Saturday, April 30, 2016

8, Fletch's Fortune by Gregory McDonald

I'm really going back to my original reason for buying paperbacks, which was to be able to carry them with me anywhere and not worry about them getting damaged.  That means I am buying books these days that I don't want to worry about and this Fletch fell into that category (also a dollar).  I remembered enjoying a few of these as a teenager.  This one was just okay.  Fletch is a post-60s anti-establishment James Bond of a journalist who also solves murders.  He can be funny but I think the establishment he is mocking has changed so much that he comes off today as just being kind of trying too hard.  This story takes place at a journalist's convention where the president of the association gets murdered just as it begins.  It got moving near the end, but ultimately lacked weight and I've already moved on.

Tuesday, April 05, 2016

7. The Black Company by Glen Cook

Not Tor's finest effort, cover-wise.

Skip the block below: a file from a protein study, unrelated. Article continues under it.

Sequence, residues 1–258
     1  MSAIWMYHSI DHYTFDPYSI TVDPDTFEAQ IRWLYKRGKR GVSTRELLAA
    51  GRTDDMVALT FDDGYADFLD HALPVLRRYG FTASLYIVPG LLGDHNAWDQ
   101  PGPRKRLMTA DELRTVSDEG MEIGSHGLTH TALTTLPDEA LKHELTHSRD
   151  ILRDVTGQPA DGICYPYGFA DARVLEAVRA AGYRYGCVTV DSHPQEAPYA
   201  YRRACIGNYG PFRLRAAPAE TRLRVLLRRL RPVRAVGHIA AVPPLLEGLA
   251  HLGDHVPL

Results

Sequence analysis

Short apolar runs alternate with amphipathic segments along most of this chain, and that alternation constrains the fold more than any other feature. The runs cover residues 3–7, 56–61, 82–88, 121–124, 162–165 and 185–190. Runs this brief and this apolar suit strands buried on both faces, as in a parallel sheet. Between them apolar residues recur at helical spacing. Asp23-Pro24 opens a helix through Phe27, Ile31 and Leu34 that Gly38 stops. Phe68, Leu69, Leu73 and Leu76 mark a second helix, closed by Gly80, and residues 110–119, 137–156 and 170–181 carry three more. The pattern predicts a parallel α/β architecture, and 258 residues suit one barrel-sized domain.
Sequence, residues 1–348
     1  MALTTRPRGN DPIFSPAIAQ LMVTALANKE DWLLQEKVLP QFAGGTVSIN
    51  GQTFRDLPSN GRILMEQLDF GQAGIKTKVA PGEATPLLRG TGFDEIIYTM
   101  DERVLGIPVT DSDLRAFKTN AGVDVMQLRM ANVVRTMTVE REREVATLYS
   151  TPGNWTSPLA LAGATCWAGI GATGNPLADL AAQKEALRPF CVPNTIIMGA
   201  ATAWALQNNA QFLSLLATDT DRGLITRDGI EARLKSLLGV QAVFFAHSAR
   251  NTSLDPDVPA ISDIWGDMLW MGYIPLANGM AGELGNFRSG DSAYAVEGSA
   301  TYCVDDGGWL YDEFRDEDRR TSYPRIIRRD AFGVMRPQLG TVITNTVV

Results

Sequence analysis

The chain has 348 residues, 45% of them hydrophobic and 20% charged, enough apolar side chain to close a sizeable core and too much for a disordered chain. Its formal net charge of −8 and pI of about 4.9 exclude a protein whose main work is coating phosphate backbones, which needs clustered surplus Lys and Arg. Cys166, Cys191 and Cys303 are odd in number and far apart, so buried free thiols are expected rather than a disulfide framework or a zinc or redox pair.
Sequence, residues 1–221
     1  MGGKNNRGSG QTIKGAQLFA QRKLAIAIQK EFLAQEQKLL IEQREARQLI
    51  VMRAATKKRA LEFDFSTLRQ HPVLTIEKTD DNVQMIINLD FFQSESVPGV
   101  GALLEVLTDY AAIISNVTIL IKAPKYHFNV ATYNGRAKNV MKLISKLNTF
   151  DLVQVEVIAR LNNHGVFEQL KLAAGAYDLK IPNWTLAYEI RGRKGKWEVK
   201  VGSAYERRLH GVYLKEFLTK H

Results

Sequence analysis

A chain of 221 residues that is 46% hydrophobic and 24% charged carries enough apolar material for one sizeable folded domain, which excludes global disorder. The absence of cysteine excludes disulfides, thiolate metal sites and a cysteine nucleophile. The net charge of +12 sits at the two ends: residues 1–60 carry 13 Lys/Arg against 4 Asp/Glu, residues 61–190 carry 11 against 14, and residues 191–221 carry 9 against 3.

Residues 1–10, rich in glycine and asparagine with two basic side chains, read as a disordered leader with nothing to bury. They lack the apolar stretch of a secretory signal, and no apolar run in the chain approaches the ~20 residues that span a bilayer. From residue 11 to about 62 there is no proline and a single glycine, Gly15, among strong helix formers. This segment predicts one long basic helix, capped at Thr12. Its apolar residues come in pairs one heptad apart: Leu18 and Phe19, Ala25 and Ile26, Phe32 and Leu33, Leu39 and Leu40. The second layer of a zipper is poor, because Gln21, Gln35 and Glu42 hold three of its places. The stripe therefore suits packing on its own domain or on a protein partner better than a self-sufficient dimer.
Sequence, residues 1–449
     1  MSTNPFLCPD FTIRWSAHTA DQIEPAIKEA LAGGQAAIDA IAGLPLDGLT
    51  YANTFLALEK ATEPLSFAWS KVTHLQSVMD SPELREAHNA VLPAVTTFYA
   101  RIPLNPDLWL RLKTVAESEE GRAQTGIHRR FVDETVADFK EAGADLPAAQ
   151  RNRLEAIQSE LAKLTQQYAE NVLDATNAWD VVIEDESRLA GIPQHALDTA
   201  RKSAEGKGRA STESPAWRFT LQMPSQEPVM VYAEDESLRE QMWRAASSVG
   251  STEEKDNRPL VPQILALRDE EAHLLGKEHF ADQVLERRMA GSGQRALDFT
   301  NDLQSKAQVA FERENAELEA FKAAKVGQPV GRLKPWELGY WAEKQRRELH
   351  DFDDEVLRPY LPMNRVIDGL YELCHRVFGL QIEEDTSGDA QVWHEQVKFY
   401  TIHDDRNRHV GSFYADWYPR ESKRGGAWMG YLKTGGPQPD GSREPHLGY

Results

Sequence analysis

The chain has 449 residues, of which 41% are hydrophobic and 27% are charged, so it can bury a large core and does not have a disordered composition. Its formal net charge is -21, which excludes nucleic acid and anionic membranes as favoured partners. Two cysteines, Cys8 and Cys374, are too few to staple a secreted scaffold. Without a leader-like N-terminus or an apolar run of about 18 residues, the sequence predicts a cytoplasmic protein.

It took me forever to read this book.  It comes highly recommended in the well-read nerd community, but the prose style was just not doing it for me.  I think I sort of got it after a while.  It's supposed to read like those gritty war novels, except in a fantasy setting.  I like that conceit, but even with that understanding, I felt distanced.  The setup is cool.  The narrator is the medic and chronicler of a historic band of mercenaries in some fantasy land embroiled in war.  There is lots of cool fantasy battle scenes and fantasy grunts doing what they do in their downtime.  It gets epic, but ultimately didn't do it for me.  Another problem for me, and this may have been the edition, but it is very geographical (lots of strategic discussion about the war and which side has control of which region), but no friggin' map!  Come on.